The near chaotic situation she faced at the Isaac Delgado Museum of Art due to its understaffing and the involvement of various factions - politicians, socialites and artists; help from George Rickey; enhancing the museum's local presence and stature through an exhibition, "Early Masters of Modern Art" (1959); getting the building renovated and obtaining a professional curator to assist her.
Leaving New Orleans, in 1961, after sucessfully competing for the directorship of the Institute of Contemporary Art, Boston (at the urging of former director Thomas Messer); finding the ICA to be in serious financial trouble; holding a Potlatch event, in which artists contributed work for purchase, which put ICA on stable financial footing and enabled it to move into new quarters in the shopping district; Thurman's cyclical exhibition program from 1963-1967 which featured contemporary artists, regional work, topical issues relating to design, and international shows. She recalls the response to the Edward Kienholz installations in 1966, and an Andy Warhol exhibition which was marred by vandalism by his entourage and led to ICA's eviction from its leased quarters.
Thurman continues her discussion of her tenure at ICA, including exhibitions focusing on themes and various media; its no-collecting policy; display of art from New England museums and from art collected by the federal government for embassies; her belief that art should be allowed to speak for itself through careful installations and absence of intrusive labels; and exhibitions of unconventional media and of contemporary design. She describes her work undertaken for the Ford Foundation, in 1969, to study the effectiveness of its financial support of art schools.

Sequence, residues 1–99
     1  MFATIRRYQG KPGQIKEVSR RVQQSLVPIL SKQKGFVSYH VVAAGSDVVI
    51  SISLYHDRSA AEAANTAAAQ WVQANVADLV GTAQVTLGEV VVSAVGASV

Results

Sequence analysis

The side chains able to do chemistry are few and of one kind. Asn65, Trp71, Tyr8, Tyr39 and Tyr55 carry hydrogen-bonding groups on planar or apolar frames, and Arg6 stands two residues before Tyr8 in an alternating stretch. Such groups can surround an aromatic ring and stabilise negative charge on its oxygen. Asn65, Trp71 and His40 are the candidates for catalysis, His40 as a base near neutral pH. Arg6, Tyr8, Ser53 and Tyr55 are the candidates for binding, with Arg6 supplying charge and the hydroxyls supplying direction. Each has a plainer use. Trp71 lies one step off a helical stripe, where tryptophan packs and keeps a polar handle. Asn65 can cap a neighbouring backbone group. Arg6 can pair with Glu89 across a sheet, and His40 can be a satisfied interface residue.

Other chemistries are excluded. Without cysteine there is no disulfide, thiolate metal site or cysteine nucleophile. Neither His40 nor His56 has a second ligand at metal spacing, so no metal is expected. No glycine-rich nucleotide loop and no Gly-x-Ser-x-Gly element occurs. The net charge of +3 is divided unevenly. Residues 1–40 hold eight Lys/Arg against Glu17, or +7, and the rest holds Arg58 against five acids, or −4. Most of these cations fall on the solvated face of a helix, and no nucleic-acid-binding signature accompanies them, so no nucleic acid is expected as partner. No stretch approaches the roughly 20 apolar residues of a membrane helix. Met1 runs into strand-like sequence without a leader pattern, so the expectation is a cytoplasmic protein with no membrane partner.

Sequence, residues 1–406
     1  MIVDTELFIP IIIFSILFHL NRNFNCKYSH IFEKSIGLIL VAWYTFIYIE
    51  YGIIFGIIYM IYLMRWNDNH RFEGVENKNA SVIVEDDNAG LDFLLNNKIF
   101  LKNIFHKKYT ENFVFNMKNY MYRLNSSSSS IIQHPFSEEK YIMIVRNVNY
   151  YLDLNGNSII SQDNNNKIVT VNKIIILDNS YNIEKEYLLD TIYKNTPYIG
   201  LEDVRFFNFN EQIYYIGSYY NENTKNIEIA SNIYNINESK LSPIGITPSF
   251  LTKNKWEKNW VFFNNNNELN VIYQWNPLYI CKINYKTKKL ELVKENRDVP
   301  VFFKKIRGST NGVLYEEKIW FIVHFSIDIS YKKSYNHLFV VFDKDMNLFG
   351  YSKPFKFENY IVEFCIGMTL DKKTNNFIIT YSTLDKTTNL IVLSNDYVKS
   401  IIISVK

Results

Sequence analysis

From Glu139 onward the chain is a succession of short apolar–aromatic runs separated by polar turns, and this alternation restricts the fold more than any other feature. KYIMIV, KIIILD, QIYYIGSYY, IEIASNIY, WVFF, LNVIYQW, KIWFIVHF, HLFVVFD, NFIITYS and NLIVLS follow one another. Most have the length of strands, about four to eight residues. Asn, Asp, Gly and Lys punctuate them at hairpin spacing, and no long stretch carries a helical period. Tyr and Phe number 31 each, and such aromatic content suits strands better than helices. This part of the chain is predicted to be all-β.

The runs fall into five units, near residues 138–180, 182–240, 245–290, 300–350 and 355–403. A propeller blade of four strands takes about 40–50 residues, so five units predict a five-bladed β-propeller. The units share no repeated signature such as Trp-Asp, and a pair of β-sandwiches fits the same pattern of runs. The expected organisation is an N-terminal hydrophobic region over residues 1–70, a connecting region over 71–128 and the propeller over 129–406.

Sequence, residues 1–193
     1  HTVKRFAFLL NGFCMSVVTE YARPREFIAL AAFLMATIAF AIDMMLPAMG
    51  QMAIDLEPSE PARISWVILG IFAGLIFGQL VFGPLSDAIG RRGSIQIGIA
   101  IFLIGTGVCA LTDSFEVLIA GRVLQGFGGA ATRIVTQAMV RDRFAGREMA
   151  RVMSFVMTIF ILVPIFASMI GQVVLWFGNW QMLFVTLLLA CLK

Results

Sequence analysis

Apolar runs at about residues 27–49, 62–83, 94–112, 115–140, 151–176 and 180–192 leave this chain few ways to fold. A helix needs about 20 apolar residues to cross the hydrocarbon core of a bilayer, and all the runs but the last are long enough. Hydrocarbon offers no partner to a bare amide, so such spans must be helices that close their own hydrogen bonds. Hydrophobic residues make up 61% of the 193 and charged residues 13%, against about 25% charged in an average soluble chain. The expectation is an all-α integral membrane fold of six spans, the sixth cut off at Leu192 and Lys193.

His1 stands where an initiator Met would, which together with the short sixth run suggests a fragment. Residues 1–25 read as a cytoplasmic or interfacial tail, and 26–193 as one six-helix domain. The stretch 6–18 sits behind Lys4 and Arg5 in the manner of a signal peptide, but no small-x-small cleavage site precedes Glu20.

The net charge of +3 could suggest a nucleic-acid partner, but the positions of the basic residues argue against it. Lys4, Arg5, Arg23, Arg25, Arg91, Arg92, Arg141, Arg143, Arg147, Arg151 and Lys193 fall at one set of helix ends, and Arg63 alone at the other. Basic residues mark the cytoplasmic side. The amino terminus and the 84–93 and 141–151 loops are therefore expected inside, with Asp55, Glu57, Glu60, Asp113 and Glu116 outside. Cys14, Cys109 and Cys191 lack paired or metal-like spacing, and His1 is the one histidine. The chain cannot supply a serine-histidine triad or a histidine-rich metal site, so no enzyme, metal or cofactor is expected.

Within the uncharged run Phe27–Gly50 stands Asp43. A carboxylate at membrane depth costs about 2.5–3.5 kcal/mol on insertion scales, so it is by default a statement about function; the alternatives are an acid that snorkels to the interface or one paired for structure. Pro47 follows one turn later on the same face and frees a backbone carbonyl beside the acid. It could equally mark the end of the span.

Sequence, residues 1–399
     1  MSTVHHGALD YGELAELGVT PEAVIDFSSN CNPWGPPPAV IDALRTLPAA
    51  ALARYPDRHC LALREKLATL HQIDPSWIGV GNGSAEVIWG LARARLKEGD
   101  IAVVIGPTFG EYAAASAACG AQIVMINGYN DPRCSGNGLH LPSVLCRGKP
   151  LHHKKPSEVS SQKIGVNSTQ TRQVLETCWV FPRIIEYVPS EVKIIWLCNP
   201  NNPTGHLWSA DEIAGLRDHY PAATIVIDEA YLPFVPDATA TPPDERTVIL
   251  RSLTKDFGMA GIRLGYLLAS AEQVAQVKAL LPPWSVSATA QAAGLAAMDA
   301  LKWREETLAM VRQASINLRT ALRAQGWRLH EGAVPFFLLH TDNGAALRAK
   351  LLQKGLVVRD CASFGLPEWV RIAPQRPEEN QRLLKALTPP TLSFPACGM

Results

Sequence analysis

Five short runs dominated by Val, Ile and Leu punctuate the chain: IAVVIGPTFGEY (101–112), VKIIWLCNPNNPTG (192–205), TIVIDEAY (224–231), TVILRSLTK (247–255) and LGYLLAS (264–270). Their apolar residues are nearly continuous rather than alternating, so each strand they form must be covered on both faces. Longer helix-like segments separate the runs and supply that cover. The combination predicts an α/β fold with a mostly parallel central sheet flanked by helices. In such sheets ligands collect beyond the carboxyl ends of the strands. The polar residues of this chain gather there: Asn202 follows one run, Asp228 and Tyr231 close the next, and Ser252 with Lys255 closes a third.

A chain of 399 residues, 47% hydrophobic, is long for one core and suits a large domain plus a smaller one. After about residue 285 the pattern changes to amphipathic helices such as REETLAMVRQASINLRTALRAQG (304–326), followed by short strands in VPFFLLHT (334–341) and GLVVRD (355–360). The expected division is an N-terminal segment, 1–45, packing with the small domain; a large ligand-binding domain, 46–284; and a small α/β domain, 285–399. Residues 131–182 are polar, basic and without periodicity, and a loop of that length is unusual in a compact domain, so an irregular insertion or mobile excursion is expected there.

Thurman discusses the ICA's board of trustees, mentioning Charles Withers as someone she felt was an exemplary trustee and her views to exclude art collectors as trustees. She discusses her membership on MIT's Committee for the Arts; her appointment, as a result of her Ford Foundation work, as vice-president for development at the Cranbrook Academy of Art, for a 3-year term (1970-1973), and the difficulties there of imposing changes and raising funds.
Caring for her terminally-ill mother, 1973-1975; returning to Boston and beginning a new career as a general fund raiser; directing a quilt museum in Lowell, Massachusetts; and her beliefs that what sustained her through the years was altruism, acute powers of observation, and determination.
Biographical / Historical:
Sue M. Thurman (1927-2012) was an art administrator in Louisville, Kentucky, New Orleans, Louisiana, and Boston, Massachusetts. Thurman received a M.A. at Bethel Women's College, University of Kentucky, 1950 and in art and archeology from Columbia University in 1953. She taught at Wilmington College, Ohio, 1950-1951, and held directorships at the Junior Art Gallery, Louisville Free Public Library, Kentucky. (1954-1957), the Isaac Delgado Museum of Art, New Orleans, La. (1957-1961), the Institute of Contemporary Art, Boston (1961-1968) and the New England Quilt Museum (1991-1992). She was Vice-President for Development at Cranbrook Academy of Art (1970-1973) and has served as consultant and director to various development and fundraising initiatives.